I have a portable DVD player that’s seen some heavy usage so I was doing a little maintenance on it. I opened the disc area and blew some compressed air into it. As I did, I noticed a warning label: DO NOT TOUCH THE LENS. That made sense— any kind of smudge on the lens would keep the disc from being read cleanly or correctly and that wouldn’t be good news for the picture on the screen. I started wondering—is there’s anything in us that answers to the lens on the DVD player? Do we have some kind of lens that can get smudged and keep us from seeing things in all of their wonder and glory?
There’s a couple of instances in the first chapter of John where John the Baptizer says, “Behold, the Lamb of God,” (v. 29,36 ESV). The word behold is translated from a little word in the Greek (ido), which essentially means LOOK as opposed to look (Mark 13:1,21). It means to take something in completely—with your head and your heart. John is telling people to take a good look at Jesus because He is what they have been waiting for.
It almost goes without saying that we miss out on wonder so many times because we’re too busy to behold. We have so many things going on and the result is that some things aren’t really seen—they’re more of a blur. And it’s hard to get wonder and awe out of a blur.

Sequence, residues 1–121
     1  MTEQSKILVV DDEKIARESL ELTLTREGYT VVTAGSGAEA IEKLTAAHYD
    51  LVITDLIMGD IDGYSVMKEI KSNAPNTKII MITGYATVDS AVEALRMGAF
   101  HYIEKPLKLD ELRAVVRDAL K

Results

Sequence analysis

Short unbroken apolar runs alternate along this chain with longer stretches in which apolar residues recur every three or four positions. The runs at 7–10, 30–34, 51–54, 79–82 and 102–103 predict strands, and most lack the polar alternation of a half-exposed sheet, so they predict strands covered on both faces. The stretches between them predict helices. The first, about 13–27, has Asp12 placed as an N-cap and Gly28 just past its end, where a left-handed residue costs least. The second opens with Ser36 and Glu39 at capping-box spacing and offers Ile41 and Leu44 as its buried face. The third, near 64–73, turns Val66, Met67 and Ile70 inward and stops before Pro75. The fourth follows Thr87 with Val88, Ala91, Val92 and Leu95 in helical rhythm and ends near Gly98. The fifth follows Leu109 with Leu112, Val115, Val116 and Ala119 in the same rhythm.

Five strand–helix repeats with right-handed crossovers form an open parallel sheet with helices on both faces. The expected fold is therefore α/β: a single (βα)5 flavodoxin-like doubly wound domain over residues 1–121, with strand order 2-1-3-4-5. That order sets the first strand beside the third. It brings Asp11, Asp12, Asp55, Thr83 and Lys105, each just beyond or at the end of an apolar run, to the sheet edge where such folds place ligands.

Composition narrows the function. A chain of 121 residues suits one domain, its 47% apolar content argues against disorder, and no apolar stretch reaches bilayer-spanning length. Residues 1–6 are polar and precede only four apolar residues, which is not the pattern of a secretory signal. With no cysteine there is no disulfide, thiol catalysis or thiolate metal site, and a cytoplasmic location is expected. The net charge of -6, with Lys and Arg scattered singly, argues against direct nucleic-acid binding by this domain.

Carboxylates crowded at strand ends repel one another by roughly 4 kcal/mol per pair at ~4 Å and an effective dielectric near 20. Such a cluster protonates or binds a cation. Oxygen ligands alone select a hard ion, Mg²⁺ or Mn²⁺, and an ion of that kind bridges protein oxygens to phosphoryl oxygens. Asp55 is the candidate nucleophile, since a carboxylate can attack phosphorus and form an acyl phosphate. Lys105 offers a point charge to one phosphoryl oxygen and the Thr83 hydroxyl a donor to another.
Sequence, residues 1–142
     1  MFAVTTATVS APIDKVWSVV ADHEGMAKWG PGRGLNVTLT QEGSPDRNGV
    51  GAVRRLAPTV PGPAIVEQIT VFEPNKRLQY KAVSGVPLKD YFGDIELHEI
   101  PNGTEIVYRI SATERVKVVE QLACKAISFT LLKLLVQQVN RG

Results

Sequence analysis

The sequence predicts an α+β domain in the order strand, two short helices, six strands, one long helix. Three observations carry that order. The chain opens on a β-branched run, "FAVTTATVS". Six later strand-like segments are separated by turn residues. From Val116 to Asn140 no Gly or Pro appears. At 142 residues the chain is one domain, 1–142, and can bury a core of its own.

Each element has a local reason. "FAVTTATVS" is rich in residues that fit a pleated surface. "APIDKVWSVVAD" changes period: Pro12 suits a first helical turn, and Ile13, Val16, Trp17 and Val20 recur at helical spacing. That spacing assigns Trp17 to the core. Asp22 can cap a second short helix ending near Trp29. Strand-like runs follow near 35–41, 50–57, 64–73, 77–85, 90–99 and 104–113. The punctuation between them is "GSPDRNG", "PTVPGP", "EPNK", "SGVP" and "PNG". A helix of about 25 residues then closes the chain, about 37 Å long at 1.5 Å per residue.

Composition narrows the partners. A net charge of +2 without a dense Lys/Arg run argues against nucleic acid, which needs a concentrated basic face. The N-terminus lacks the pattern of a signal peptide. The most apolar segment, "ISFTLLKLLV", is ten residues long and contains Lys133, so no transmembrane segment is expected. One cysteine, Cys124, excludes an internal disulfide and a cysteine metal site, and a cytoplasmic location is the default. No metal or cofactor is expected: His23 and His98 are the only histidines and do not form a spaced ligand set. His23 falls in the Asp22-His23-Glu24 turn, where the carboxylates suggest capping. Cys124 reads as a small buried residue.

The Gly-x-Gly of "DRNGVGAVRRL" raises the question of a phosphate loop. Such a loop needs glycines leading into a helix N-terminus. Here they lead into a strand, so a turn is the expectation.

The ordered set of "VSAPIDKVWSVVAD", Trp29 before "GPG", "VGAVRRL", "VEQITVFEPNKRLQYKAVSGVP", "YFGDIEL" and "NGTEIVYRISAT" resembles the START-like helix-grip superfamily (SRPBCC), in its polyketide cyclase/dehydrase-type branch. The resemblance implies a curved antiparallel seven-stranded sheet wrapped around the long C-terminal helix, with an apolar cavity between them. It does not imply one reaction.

But I don’t think our warp speed lifestyles should bear all of the blame. There’s something else at play. For example, who hasn’t noticed all of the “oohs” and “aahs” a newborn baby (rightfully) receives. Just about everyone recognizes the wonder of a baby. Fast forward a few years and fewer see the wonder of a two year old. Give it a few more years and it’s all but dried up. What happened? That child is still a unique individual, made in the image of God. The wonder hasn’t gone anywhere (although it may be lurking beneath the surface now). And that’s the point—we must look a little harder or we’ll miss out on the wonder and glory that is all around us.
Here’s a quick test: how prone to praise are you at this moment? If your answer is something like “somewhat,” or “a little bit,” then my guess is that your lens is in need of cleaning. Praise is the result of beholding. If praise is absent it’s usually due to a lack of beholding. If beholding is happening, then praise will be present.
“The eye is the lamp of the body. If your eyes are healthy, your whole body will be full of light. But if your eyes are unhealthy, your whole body will be full of darkness. If then the light within you is darkness, how great is that darkness! (Matthew 6:22-23)
Be bold and behold!